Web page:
“I thought Christianity belonged to foreigners and was not for us Arabs,” says Mourad*, a man in his thirties. He is one of many North Africans who have decided to leave Islam and follow Jesus.
When he was still a new believer, serving in the army, he ended up in a military prison. “I was in jail for being a Christian. They didn’t say it was for that reason; I was accused of having contact with a foreigner.”
In parts of North Africa and the Middle East, Christians often end up in prison on charges that are not directly related to their faith. In 2015, a Christian in Algeria was arrested for having Christian literature in his car; however, he was held in custody for some days, accused of having a forbidden weapon in his car – it was a small tool he used for repairs.
Mourad was in prison for a month. “The first week was so difficult,” he shared. “I didn’t understand why this had happened.”
At the end of the week his friend Mustapha* came to visit him. He made it possible for him to call his wife. “It was on a Saturday at 3pm. She was at the church at that time. She was so happy to hear me. They sang a song for me in the church; she said they prayed for me. From that time on, everything changed.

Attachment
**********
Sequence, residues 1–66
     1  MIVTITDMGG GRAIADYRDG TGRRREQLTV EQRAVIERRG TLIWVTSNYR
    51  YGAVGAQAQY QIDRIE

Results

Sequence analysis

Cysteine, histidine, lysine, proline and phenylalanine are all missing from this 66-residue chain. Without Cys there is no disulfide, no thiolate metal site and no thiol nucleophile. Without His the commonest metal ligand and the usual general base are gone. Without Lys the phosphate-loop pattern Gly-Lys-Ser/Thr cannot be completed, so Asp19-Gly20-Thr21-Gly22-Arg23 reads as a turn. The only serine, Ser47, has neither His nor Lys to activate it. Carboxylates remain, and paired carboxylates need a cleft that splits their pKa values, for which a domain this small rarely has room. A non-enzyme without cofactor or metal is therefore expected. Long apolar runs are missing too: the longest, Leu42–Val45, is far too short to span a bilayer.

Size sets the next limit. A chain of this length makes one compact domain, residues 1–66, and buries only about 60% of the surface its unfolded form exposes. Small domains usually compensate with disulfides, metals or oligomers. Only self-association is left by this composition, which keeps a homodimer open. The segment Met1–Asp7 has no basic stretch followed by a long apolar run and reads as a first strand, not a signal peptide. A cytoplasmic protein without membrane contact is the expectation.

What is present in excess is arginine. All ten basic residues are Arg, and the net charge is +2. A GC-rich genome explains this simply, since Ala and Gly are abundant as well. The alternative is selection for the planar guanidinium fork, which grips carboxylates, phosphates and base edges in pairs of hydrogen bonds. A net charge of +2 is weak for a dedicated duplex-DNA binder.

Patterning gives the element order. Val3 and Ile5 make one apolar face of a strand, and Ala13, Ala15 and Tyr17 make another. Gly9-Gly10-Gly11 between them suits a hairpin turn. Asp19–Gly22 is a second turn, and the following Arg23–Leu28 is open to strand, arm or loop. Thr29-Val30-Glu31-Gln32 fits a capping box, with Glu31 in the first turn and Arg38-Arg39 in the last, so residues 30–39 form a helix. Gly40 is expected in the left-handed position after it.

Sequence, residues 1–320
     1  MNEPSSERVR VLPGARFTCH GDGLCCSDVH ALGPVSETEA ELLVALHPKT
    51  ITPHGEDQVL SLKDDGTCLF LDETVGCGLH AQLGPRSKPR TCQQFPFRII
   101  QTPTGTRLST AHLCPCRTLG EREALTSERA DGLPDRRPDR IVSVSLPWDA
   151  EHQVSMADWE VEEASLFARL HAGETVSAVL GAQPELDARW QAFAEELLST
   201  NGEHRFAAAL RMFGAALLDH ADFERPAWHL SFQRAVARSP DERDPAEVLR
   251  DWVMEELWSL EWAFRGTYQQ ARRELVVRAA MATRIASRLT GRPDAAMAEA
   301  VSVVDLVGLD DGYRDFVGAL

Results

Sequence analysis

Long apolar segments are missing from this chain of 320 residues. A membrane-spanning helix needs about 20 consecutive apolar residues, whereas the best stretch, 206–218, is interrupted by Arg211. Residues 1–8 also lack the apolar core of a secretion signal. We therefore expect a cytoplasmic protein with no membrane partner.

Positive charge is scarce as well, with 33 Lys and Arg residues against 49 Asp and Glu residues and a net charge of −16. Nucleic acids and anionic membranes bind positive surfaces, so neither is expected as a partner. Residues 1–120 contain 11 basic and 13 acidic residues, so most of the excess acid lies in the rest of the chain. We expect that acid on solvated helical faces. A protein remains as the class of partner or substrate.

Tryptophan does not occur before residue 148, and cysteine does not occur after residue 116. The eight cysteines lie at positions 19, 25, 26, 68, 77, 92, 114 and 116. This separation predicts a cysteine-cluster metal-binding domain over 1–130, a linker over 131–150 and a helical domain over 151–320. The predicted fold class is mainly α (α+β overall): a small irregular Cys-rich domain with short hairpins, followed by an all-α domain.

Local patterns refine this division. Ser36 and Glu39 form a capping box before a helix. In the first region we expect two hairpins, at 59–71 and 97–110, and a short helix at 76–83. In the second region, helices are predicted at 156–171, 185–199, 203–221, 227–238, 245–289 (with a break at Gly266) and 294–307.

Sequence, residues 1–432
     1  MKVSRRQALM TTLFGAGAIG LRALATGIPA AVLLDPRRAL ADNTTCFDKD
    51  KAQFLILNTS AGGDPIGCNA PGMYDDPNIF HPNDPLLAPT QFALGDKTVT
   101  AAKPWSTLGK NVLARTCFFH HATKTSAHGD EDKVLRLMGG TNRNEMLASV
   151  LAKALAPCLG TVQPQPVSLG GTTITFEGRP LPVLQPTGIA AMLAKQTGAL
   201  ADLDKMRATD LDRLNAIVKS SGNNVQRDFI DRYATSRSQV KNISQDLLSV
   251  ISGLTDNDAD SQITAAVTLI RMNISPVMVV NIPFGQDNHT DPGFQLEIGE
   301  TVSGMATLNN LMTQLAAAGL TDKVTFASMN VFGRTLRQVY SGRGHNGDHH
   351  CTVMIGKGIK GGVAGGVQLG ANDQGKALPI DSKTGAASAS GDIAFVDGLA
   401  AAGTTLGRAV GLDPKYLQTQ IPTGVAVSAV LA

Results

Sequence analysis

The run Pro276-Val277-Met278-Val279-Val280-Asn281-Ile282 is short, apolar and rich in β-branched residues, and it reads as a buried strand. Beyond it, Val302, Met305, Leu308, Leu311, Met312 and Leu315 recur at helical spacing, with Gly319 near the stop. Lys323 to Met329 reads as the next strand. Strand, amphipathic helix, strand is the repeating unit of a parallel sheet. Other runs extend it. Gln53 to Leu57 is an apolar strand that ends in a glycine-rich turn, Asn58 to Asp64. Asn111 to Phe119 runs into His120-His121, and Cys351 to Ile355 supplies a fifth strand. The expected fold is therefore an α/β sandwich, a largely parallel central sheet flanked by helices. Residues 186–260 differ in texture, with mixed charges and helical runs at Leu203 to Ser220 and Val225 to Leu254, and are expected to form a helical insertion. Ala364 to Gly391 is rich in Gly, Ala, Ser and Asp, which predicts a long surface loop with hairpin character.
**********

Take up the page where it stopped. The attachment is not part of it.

“Every night I talked with my guards about Jesus. During my whole military service I shared about Jesus with only 15 people, but in just one month in prison I was able to share with more than 40 people! It was a special time for me, it was a time of training in discipleship.”
Mourad learned to be quiet and to listen. “I am a busy man,” he said. “I don’t like to sit and listen. I had no cellphone, no Bible. But I had a big paper.” He indicates with his hands a piece of paper around A3 size. “Every day I wrote a verse from the Bible, a song, and a prayer on that paper. The time in jail was a quiet time for me.”
*Real name known to God
Tunisia is number 32 on the 2016 World Watch List. Although the constitution of Tunisia currently respects freedom of religion and conversion is not prohibited, every Tunisian is automatically registered as a Muslim at birth. No new church has been granted registration since 1956, and the Tunisian authorities prevent Christian books in Arabic from being imported.
Every believer from a Muslim background in Tunisia has a story of opposition, rejection and persecution. But your prayers and support are enabling Open Doors partners to provide Tunisian believers with training, Christian literature, socio-economic development projects and advocacy support.
We support people who are beaten, tortured,
imprisoned, falsely accused, and hated simply for following Jesus.